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'arguably' still requires a reasonable position that declares it true, otherwise literally everything is arguable.

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I think reasonableness is implicit enough in "find a point of view", do you think I should recalibrate that expectation?

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Well first off you can serve thousands of phones with attenuated signals with reasonable speed.

Also I guess you can run at SSD speeds over local wireless.

Things like wireless monitors/TV are already doable.

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That's an internal VPN though, not a service with customers.

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There are plenty of services with customers that cater to small businesses who don't have the staff to set up and run their own software.

A websearch for business VPN returns dozens of providers for businesses.

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On the other hand, there is a legal obligation to process dollar bills for debts. In a world where everything is increasingly digital, it would be nice if there was a government-sanctioned option that doesn't discriminate against any [legal] services.

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It would be very uncharacteristic and damaging to their business for them to lie in a situation like this.

I'm perfectly willing to believe that PayPal is bullshitting them.

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Yeah, because Kim Dotcom has always been such a reliable and standup guy.

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I feel like it's better to not mention the password on the key. It could have been the best password in the world and it wouldn't matter. Local signing means the key can be extracted. Talking about the minor obfuscation of storing a passworded key in the same file as the password is a red herring that gives the wrong impression.

In short: It wasn't protected by the password. It was protected by nothing.

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Good point. The important part is that it illustrates just how vulnerable Komodia products are. That password will likely get people access to other things as well.

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First, because in a corporate environment with a legitimate SSL proxy you want a new install to Just Work.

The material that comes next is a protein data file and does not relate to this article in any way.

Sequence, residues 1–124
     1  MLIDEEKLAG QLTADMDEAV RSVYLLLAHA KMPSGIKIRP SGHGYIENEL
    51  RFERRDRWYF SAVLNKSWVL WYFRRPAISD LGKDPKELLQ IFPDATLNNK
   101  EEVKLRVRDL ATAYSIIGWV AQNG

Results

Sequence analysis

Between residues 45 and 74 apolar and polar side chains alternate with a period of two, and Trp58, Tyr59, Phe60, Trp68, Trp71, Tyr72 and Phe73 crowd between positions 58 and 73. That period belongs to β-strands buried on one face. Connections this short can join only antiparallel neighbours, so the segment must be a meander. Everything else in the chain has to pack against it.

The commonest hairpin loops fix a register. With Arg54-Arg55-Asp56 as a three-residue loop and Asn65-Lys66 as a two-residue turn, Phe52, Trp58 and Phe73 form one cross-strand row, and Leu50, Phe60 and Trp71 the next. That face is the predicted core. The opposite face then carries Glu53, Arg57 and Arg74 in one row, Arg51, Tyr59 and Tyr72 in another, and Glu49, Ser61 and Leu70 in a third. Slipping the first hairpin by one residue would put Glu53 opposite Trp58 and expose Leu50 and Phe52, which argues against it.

Second, because no mechanism is immune to manufacturer tampering.

Both Chrome and Firefox ignore pinning errors when it's signed with a local root.

You can't be more secure than the OS you're running on.

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Ouch, that's quite a price for data when you can get gigabytes for $10 each.

I'm sure it's not their fault, cell companies love to gouge.

But I thought I'd compare with a couple other options*

Spark: $3 per device with 1MB, $1 per MB

Ting: $6 per device, $3 for 100MB shared

Zact: Requires a Zact device. claims $0 per device, can do 20MB for $1.40 or 100MB for $3.08, shared

* selected arbitrarily on the basis of Ting being an option I've heard good things about, and Zact showing up in search results when I tried to remember the name of Ting

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I think it's pretty obvious that they're not trying to compete in cost per GB. The point is that if you're running a sensor that phones home once a day, you probably have less than 1MB's worth of data to send per month anyway, so your total cost with Spark is $3, whereas for Ting it would be $9. That the Ting option comes with 99 more megabytes is immaterial if you don't have 99 megabytes' worth of stuff to send.

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Price per GB is not their main concern, but it's still pretty amazing that the price is far more than ten times higher than it could be.

I'm just pointing out that while this is about as good as you can get for 1MB, if you need perhaps 5MB there are better options, and god help you if you try to use 20MB on this plan.

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You're treating it as if transfer is the only cost associated here. Every one of these lines requires consuming a telephone number, which is a fixed cost passed down from the MVNO

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That's the $3 part.

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I suppose, but if you count 'pointing a rocket at something' then we've been dying to flying robots since WWII.

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Choose two? How do I pick security and convenience without freedom? I can't think of any way giving up freedom makes those easier. Blind trust can make me ignore security problems, but I can have blind trust and freedom, or lack of freedom without blind trust.

I feel like "security or convenience" is a better representation of the choice, even if it's not as cute. Freedom is off to the side.

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